In our Catholic tradition we have many examples of ways we can celebrate feasts and liturgical seasons at home.  We have the Advent Wreath, the Jesse Tree, the Christmas crèche and the Rice Bowl collection.  All of these give us an opportunity to teach our children about God’s plan for our salvation.  We also have a very rich tradition of having a crucifix in each room, holy pictures of Jesus, Mary or the saints, blessed candles, holy water and the Bible placed in a visible place in our homes.  

I like to share that my own moment of commitment to Jesus took place when I was about 4 years old.  My mother was housecleaning and had taken the crucifix from the wall to clean it.  When I asked her what it was, she stopped what she was doing and told me the story of God’s plan for our salvation beginning with Adam and Eve and finishing with Jesus’ death and resurrection and promised return on the last day.  She told me to never sin because Jesus loved me so much as to die for me.  The memory is with me to this day. 

Everyday we should pray with our children.  I found that mealtime was the most constant time, even when not all of the family was present.  It is good to encourage spontaneous prayer at this time as well with members bringing up any special intentions they might have.  And finally, make ample use of the family blessings with holy water—blessing each other on birthdays, field trips, vacations, first day of the school year and days when a family member is sick or hurt.  At this time, the messages from Medjugorie are that we should pray the rosary and read from Scripture as a family.  The mother of Jesus must know best what we can do as families!

Q:  Please tell us a bit about your creative process, and how your own faith and knowledge of the scripture impact upon your music?

A:  I am somewhat amazed at the creative process as I’m sure most people are.  How do ideas come to us?  For those of us with faith, I think our answer points to a God who lives inside us and speaks in a quiet voice.  So, I think the creative process begins in silence and an openness to hear what God might be saying to us.  Then our own pre-dispositions, education, personalities and spiritual awareness kind of blend in to that inner voice.  The mystery of that blend of the divine and the human is something I sing about in the song called “Heart Talk” on the “Dandelions” CD.  The refrain is: “Could it be you?  Could it be me?  Are we together, a special weave?  So close together, who can tell?  Your voice and my voice in one heart dwell”.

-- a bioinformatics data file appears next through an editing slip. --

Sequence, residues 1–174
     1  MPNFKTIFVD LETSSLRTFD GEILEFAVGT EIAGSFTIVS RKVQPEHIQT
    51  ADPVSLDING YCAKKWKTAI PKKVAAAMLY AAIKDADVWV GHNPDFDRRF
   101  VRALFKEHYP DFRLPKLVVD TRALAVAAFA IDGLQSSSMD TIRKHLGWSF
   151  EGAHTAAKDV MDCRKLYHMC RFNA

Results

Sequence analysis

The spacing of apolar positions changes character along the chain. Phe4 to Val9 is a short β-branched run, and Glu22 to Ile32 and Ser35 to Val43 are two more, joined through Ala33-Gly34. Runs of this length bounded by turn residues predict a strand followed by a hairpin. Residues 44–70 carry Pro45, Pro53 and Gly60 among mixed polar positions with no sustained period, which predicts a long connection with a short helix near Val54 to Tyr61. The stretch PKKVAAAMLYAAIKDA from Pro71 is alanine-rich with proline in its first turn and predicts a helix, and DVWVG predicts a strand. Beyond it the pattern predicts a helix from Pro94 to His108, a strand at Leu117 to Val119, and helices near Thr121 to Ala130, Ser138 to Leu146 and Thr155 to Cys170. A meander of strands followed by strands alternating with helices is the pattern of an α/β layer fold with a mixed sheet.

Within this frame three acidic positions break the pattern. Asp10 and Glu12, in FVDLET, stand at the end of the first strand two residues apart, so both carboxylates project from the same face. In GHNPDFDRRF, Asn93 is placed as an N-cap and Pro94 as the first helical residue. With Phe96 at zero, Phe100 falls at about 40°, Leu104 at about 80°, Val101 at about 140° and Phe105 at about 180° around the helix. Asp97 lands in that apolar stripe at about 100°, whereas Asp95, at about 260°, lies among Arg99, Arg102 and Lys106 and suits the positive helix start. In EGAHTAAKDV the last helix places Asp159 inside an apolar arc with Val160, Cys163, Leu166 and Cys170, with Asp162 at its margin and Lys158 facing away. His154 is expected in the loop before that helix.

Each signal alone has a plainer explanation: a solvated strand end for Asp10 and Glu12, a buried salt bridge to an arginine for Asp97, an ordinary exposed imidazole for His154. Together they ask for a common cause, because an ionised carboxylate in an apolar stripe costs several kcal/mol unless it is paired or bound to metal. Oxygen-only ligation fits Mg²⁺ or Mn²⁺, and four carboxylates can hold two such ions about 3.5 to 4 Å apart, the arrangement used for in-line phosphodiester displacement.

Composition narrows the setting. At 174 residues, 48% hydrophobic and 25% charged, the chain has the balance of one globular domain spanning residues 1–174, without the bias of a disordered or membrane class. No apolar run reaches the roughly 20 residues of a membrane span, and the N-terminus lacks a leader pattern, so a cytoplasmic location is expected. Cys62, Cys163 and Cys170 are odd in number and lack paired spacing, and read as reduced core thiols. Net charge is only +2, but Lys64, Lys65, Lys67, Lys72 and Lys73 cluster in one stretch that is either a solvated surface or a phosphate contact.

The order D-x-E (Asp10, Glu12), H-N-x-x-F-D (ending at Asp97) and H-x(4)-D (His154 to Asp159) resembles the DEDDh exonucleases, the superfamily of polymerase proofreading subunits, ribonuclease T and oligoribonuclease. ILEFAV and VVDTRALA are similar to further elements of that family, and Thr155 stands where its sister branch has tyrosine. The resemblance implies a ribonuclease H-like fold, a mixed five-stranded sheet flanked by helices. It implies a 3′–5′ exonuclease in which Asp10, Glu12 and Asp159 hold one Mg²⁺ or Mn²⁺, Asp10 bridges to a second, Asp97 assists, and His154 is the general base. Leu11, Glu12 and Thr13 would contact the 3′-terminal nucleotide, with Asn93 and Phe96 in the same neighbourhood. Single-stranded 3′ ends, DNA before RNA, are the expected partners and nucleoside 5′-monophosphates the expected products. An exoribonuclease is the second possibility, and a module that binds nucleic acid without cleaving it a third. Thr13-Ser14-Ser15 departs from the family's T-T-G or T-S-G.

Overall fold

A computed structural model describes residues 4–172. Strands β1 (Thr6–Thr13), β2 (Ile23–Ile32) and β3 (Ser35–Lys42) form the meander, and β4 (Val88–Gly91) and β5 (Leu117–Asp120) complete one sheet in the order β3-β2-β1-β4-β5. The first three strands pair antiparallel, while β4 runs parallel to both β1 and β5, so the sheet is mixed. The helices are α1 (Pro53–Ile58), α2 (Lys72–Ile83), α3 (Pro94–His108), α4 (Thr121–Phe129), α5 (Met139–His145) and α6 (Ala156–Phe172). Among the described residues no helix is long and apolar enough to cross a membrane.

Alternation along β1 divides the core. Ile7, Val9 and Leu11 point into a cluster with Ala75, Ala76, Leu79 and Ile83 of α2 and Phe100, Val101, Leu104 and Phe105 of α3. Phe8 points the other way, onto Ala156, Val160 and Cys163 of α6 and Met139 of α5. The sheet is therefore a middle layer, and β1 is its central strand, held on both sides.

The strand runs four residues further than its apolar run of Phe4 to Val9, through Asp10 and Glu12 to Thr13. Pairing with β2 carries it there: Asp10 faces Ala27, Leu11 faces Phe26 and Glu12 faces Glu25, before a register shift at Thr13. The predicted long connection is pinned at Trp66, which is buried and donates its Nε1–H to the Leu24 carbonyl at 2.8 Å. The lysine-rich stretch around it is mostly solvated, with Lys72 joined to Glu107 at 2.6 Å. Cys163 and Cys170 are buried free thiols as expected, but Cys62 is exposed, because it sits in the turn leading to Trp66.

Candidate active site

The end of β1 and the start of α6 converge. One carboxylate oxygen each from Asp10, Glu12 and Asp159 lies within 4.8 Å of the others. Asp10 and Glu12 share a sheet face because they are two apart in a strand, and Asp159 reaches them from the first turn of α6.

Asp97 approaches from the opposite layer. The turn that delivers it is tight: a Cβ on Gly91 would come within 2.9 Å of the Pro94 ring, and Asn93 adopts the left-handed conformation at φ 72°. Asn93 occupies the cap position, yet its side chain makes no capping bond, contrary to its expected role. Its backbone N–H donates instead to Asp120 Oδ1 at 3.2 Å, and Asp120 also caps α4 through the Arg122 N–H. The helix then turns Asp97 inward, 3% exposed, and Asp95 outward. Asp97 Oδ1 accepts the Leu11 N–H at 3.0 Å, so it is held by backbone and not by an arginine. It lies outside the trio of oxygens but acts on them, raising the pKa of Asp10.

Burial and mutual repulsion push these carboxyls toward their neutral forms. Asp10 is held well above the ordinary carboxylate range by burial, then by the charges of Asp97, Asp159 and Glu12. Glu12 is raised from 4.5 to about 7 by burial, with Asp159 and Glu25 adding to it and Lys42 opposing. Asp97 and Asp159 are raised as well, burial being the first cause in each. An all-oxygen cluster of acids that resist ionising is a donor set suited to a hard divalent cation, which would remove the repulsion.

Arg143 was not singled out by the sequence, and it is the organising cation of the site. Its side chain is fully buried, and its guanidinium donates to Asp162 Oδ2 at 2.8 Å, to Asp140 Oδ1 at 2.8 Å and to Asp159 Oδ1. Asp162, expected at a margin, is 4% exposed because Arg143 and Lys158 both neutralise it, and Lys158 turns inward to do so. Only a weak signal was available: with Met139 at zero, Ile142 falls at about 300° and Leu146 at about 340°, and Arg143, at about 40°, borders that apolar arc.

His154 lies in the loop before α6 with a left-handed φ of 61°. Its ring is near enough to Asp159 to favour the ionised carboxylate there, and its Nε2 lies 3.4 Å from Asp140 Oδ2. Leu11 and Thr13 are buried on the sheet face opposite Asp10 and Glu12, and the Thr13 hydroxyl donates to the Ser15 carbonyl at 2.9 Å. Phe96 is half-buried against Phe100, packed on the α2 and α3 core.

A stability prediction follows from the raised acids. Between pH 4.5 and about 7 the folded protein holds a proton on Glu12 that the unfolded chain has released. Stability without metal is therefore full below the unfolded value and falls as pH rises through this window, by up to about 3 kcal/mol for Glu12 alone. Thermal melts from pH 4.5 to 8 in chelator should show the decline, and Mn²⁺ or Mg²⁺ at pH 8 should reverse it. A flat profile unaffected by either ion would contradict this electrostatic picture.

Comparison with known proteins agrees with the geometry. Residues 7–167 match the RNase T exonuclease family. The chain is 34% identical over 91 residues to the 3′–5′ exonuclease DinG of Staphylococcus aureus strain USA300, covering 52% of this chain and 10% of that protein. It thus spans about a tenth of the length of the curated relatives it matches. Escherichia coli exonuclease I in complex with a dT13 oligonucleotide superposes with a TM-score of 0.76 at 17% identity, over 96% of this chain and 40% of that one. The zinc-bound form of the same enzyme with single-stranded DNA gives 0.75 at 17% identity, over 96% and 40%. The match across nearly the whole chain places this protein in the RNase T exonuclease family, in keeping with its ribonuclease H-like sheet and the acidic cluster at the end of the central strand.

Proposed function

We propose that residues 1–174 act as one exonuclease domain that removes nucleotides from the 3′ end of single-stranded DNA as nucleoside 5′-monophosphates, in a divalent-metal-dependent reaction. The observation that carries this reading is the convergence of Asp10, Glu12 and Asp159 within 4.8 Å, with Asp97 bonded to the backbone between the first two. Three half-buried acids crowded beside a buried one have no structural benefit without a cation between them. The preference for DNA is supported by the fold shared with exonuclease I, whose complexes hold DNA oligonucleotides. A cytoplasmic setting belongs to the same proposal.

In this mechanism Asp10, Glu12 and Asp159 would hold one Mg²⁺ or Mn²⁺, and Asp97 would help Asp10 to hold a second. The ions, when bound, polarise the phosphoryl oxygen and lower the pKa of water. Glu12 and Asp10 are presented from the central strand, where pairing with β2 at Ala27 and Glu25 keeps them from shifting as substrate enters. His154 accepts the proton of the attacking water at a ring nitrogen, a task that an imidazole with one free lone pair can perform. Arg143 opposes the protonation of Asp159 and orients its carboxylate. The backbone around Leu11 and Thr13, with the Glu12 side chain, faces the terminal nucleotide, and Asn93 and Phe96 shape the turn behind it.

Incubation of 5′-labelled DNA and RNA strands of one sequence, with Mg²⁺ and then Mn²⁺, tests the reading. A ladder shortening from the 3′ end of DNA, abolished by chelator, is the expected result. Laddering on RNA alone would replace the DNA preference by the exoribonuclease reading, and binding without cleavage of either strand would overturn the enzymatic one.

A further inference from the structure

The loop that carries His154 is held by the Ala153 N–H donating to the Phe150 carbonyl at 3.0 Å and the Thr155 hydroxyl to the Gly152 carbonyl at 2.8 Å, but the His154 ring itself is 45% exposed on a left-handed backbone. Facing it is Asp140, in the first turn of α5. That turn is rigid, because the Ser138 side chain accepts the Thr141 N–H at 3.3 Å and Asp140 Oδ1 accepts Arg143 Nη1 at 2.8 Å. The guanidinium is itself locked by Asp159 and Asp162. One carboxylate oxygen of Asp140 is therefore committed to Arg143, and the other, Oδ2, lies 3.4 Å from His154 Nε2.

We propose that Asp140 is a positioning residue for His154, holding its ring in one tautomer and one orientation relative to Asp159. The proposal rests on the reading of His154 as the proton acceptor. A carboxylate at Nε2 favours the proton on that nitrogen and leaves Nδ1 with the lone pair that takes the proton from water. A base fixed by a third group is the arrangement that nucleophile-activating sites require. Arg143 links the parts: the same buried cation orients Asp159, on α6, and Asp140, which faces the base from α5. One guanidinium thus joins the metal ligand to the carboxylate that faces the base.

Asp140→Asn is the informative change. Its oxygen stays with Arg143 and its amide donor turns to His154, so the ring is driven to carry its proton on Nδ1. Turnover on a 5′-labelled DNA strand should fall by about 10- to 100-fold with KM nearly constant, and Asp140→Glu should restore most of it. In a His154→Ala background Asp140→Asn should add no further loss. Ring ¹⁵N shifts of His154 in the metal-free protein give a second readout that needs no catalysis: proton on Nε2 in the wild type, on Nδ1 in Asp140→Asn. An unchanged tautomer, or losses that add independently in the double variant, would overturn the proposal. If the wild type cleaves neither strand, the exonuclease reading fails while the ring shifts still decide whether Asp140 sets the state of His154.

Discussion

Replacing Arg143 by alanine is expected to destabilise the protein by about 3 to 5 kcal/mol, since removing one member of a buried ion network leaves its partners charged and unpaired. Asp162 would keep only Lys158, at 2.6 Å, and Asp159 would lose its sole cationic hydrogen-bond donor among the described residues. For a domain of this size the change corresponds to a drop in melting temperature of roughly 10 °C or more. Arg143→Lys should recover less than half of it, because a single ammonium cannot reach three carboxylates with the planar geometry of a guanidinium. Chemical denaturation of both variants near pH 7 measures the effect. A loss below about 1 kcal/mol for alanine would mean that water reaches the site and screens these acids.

Q:  What are some of your goals as a Catholic musician?  Are you working on any new projects you’d like to share with our readers?

In 1995, when all my children were small, I began writing music and was published the following year by Oregon Catholic Press.  At that time I was unable to promote my music because of the needs of my family.  Now that my children are grown and I am free to spend more time in prayer and ministry, I desire to promote a rich and solid spirituality among young families.  I think we would never have been able to grow through our marriage and family challenges without our deep Catholic faith.  So it is my hope that I can encourage others in their marriages and family lives to remain in prayer and in hope and to plant and water that seed of faith in their children.  At present I am spreading the word about the family CD “Dandelions”.  I have also reformatted the original OCP cassette, “Forever: A Promise of Love” and have it now available through Heartbeat Records on CD.  That collection of songs celebrates new life in baptism, marriage and Christian burial.  The songs are poignant meditations on the grace of God in each of these stages in our lives. 

Q:  Joanne Oberreuter, wife, mother and Catholic musician, thank you again for your time and participation in this Spotlight interview.  Are there any closing thoughts you’d like to share with our readers?

A:  I would like to thank your readers for their commitment to Jesus and the Catholic faith.  I wish to encourage them to be hopeful for our God is always present with saving graces.  I, like the rest of us, would like to see God’s actions immediately, but have learned that it takes time to transform us all into the image of Jesus.  A song on the “Forever: a promise of love” CD says it this way: “Learn to forgive; it takes time to live forever”.  Finally, anyone wanting to order my music can order through Heartbeatrecords.com or through a local Catholic bookstore.  Children can listen to music from “Dandelions” on EWTNkids website. 

To order Dandelions, email Joanne at oberreut@pacifier.com